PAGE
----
Havel has been the associate director of OPRD for nearly 20 years and said he couldn’t recall there ever being a situation during his tenure where OPRD has had to go through a process like this.
“It’s a very unusual situation,” he noted.
HRVPRD got into this situation primarily due to the complexities surrounding the 31.4-acre property’s zoning, which was classified exclusive farm use as it was formerly the site of a fruit orchard. HRVPRD originally saw the property, which it bought in 2007, as a potential site for developed ball fields, but the county nixed the proposal. HRVPRD tried again in 2012 with a proposal that included more informal playfields and it passed the Hood River County Planning Commission by a slim 4-3 margin.
However, local orchardists Fritz and JoAnn von Lubken appealed the decision over concerns that the park would harm agricultural practices and eventually, county commissioners voted to not approve HRVPRD’s application for the conditional use permit. In March of this year, HRVPRD applied for a land use permit to build one of the few options it had left — an RC flyer field and related support facilities — but that was appealed by HRVRC in April over new issue of land use compliance and is currently awaiting a planning commission hearing on June 11.
HRVPRD Director Lori Stirn said she was pleased at how flexible OPRD has been regarding the administration of the grant.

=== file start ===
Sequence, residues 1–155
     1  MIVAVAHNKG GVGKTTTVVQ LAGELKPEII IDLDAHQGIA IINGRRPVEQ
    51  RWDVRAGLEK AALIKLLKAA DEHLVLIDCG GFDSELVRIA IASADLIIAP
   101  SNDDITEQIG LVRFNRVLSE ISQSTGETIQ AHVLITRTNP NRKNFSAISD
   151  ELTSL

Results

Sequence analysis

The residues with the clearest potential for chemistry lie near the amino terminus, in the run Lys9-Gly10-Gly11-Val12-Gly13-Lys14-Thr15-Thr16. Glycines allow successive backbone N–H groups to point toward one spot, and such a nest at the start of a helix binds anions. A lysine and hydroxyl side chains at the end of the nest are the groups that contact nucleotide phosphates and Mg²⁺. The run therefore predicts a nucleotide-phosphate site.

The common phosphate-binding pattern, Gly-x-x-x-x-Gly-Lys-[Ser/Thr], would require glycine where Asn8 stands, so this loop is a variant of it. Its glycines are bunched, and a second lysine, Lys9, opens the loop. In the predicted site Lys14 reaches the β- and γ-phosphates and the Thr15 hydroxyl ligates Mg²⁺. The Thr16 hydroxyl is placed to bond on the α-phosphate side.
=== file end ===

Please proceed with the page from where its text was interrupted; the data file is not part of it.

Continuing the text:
“The idea that State Parks is willing to change the location is quite rare,” she said, “and that would be great.”
Though HRVPRD may be able to use the grant to develop another park site, the money cannot be used to acquire the property. In October 2007, HRVPRD received a $325,800 retroactive acquisition grant to purchase Barrett Park and the money has long been spent. Stirn said HRVPRD would likely rely on the funds it receives from system development charges to purchase an alternate property. Stirn added that a date hadn’t been set in stone as to when HRVPRD needed to acquire a new property, but she said OPRD suggested HRVPRD identify a new property within a year and a half.
When asked if HRVPRD would consider selling Barrett Park and use the funds from the sale to purchase another property, Stirn replied that the decision “would be up to the [HRVPRD] Board,” but noted board members would likely not be interested in selling the parcel. Stirn referred to a resolution that board members adopted in December of last year that holds the land “in perpetuity for park and recreation purposes.”
Stirn said HRVPRD has “other properties in mind” it would consider for purchase, but wouldn’t delve into specifics, other than remarking that it was “safe to say I don’t think we’ll be buying an orchard,” referring to HRVPRD’s past and present — and possibly future — headaches associated with the Barrett Park property. Stirn added the board and HRVPRD staff will likely be discussing potential properties during the executive session planned for HRVPRD’s next board meeting Wednesday, May 21, 7 p.m. at the Aquatic Center located at 1601 May St. in Hood River.